President Grant orders Indian fighter MacKay to negotiate with the Modocs of northern California and southern Oregon. On the way he must escort Nancy Meek to the home of her aunt and uncle.... See full summary »
The conflict between duty and conscience is explored in this WWII drama. Alan Ladd stars as Naval gunnery officer Alec Austin, a Quaker whose sincere pacifist sentiments do not sit well ... See full summary »
Hud Bannon is a ruthless young man who tarnishes everything and everyone he touches. Hud represents the perfect embodiment of alienated youth, out for kicks with no regard for the ... See full summary »
John Hamilton leaves a comfortable New York job to take up as an artist in a quiet Connecticut town. His dipso wife hates the life and falsely makes him out to be selfish, unsuccessful, and... See full summary »
Shane rides into a conflict between cattleman Ryker and a bunch of settlers, like the Starretts, whose land Ryker wants. When Shane beats up Ryker's man Chris, Ryker tries to buy him. Then Shane and Joe take on the whole Ryker crew. Ryker sends to Cheyenne for truly evil gunslinger Wilson. We wonder about Shane's relation to Joe's wife Marian. Shane must clear out all the guns from the valley before he can ride off with Joey hollering "Shane ... Shane ... Come Back!" Written by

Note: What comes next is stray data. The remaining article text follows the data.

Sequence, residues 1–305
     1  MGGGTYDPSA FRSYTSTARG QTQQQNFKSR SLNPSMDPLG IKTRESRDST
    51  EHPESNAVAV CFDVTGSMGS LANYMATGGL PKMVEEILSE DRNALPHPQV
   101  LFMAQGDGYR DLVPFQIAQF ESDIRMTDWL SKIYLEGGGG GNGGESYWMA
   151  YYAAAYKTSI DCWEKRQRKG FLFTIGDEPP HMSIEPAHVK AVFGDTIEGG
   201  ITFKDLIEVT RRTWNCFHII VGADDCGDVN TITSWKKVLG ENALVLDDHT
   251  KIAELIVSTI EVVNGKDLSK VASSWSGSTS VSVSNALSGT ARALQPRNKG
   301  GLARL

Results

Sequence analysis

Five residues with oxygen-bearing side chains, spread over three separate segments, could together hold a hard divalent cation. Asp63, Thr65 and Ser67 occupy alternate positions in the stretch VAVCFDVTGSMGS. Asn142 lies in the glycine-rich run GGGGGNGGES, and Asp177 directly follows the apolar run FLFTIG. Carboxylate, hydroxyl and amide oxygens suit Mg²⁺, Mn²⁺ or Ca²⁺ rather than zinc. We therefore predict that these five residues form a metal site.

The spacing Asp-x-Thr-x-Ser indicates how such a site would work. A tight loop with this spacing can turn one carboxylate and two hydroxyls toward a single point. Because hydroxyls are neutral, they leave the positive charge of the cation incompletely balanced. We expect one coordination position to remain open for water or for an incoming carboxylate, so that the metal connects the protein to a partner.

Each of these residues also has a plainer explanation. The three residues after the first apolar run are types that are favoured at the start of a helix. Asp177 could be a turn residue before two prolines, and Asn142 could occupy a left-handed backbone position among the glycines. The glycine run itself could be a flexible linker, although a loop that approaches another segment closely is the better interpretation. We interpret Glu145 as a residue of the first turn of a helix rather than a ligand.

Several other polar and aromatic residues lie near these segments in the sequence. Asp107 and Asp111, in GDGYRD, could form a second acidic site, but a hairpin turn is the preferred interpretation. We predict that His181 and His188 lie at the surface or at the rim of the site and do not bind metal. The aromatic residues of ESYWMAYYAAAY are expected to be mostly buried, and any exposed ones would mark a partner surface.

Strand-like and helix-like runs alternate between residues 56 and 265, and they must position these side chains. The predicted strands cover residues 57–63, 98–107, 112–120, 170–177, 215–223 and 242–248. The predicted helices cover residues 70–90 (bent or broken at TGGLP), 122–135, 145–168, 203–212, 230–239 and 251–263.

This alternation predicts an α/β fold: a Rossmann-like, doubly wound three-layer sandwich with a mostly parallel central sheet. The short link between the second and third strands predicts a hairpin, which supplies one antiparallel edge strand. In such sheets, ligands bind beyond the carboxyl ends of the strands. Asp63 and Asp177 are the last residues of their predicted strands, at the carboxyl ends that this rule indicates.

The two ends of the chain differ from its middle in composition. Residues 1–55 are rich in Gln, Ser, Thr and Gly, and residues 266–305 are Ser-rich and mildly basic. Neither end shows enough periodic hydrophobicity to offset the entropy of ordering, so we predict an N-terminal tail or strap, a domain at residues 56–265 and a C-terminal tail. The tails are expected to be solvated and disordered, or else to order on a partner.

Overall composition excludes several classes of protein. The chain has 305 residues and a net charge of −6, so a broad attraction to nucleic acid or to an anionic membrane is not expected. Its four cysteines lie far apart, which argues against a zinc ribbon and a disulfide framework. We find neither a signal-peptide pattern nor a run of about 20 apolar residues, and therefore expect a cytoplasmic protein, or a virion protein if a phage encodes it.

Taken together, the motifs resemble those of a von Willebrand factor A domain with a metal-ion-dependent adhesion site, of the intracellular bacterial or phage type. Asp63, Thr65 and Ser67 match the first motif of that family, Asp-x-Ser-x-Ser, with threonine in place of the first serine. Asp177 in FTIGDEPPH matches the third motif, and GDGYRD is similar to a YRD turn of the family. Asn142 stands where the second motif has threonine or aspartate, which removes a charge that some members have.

Ed Stephan <firstname.lastname@example.org>
"Shane" should be required viewing for anyone setting out to make a film. It tells its story visually, through subtext, and creates a realistic portrait of people; it is also emotionally and morally complex. It is never stated that Shane had been a gunfighter; we just understand this, from his appearance and from what we glean through the dialogue. Likewise, there are no overt moments of intimacy between Shane and Marion (Mrs. Starrett), but we are aware that there is a deep attraction between them. When Joe, Marian's husband, realizes it, it is not because of anything he states, just a line at the 4th of July party, when Marian (in her wedding dress) is dancing with Shane: "Looks like I'm fenced out," and what is spoken as a joke becomes serious as we watch the expression on his face. The closest he comes to actually saying anything is toward the end, when he's going to ride into town to face Ryker, and tells Marian that if anything happens to him he knows she'll be taken care of. Likewise, at the end of the film, when little Joey is calling across the plains for Shane to "come back," he yells to Shane, "Mother wants you, I know she does," and the words echo back, we see a close up of Joey, his expression changing, and we know the child realizes too that Shane does (or could) mean something more to his mother.
Stevens also didn't make the "bad guys" black-and-white villains. We understand that these men fought and tamed the land and are now being displaced by the homesteaders. What they want might not be fair, but it is not completely unreasonable either.
Most of the scenes, even the simple ones, play in montage. It looks as though Stevens shot each scene from about 15 different angles and edited them together. The effect is striking.
Far and away one of the best films ever.
121 of 161 people found this review helpful.
Was this review helpful to you?